Image classification:

The problem with image classification is this: Given a set of images that are all labeled with a single category, we are asked to predict these categories for a new set of test images and measure the accuracy of the predictions. There are many challenges to this task, including point of view variation, scale variation, intra-class variation, image distortion, image occlusion, lighting conditions, and background clutter.
How could we write an algorithm capable of classifying images into distinct categories? Computer Vision researchers have developed a data-based approach to solving this problem. Instead of trying to specify directly in the code what each image category of interest looks like, they provide the computer with many examples of each class of images and then develop learning algorithms that examine these examples and learn the visual appearance of each class.
In other words, they first accumulate a set of tagged image learning data and then send it to the computer to process the data. Given this fact, the complete image classification pipeline can be formalized as follows:

  • Our input is a training data set that consists of N images, each labeled with one of K different classes.
  • We then use this training set to train a classifier to learn what each class looks like.
  • finally, we evaluate the quality of the classifier by asking him to predict labels for a new set of images that he has never seen before.
  • We then compare the actual labels for these images with those predicted by the classifier.

The most common algorithms used to solve image classification are CNN convolutional neural networks

Convolutional neural networks are currently the most efficient models for image classification. CNN has two very different parts. As input, the image is provided as a matrix of pixels. A 2-dimensional grayscale image. The color is represented by the third dimension, depth 3, representing the basic colors [red, green, blue]. The first part of CNN is the convolutional part. It acts as an image extractor. The image is passed through subsequent filters or convolution kernels, creating new images called convolution maps. Some indirect filters reduce the resolution of the image by a maximum local operation. Finally, the weave maps are flattened and combined into a vector of entities called CNN code.
Creating a new convolutional neural network is expensive in terms of expertise, equipment, and the amount of data required with annotations. First of all, it is necessary to determine the architecture of the network, i.e. the number of layers, their size and the matrix operations that connect them. The training then involves optimizing the network coefficients to minimize output error. This training can take several weeks for the best CNN, with many graphics processors working on hundreds of thousands of commented images.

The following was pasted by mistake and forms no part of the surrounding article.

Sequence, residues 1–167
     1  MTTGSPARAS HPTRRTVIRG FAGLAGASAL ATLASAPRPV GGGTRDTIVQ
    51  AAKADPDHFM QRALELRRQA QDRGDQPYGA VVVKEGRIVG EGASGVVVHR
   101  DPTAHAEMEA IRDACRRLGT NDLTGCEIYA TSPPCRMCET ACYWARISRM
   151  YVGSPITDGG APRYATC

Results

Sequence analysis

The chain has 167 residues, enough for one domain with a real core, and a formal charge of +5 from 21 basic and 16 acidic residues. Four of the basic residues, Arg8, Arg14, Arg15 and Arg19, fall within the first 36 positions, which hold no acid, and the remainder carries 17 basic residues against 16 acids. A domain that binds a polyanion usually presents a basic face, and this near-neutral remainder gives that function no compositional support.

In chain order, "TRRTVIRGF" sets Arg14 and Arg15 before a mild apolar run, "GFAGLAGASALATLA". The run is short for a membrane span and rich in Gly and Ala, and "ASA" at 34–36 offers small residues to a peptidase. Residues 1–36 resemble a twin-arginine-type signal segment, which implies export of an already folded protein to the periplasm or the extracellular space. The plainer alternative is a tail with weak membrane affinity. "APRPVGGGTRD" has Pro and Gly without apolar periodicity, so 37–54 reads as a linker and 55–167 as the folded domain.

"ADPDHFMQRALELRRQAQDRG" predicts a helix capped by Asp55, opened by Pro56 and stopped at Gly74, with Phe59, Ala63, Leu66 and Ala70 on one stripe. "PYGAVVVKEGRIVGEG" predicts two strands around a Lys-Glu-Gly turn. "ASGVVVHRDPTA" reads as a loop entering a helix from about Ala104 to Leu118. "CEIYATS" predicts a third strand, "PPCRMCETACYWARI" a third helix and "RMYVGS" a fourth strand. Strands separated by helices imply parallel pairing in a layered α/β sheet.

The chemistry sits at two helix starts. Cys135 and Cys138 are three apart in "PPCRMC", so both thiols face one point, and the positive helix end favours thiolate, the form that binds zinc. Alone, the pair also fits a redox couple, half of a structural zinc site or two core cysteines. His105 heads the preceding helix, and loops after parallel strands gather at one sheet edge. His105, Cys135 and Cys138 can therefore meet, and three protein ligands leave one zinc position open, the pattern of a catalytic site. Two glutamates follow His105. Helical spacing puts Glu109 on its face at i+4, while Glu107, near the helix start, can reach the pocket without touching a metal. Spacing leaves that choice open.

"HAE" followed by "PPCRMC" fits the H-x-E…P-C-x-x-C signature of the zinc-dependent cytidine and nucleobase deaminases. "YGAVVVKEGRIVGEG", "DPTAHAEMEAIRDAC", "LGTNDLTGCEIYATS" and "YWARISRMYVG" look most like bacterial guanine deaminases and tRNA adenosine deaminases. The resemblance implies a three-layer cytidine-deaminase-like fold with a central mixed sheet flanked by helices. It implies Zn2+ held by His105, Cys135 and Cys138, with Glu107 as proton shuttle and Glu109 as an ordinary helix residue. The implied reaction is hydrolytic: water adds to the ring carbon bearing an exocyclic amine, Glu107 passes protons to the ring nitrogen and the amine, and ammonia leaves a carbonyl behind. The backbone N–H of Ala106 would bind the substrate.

Today, most image classification techniques are trained on ImageNet, a data set of approximately 1.2 million high-resolution training images.
The winner of the first ImageNet competition, Alex Krizhevsky, has revolutionized deep learning with an Alexnet very deep convolutional neural network. Its architecture consists of 7 hidden layers, plus a few maximum aggregation layers. The first layers were convolutional, while the last two were globally connected. Activation functions were linear units rectified in each hidden layer. These train much faster and are more expressive than logistics units. In addition, it also uses competitive standardization to suppress hidden activities when neighbouring units have stronger activities. This allows for better management of intensity variations.

In terms of hardware requirements, Alex uses a very efficient implementation of convolutional networks on 2 Nvidia GTX 580 GPUs (more than 1000 small fast cores). GPUs are very good for matrix multiplications and also have a very high memory bandwidth. This allows him to form the network in a week and to quickly combine the results of 10 patches at the time of testing. We can spread a network over several cores if we can communicate the states quickly enough. As cores become cheaper and data sets get larger, large neural networks will improve faster than older CV systems. Since AlexNet, many new models using CNN as a base architecture have been developed and have performed very well in ImageNet.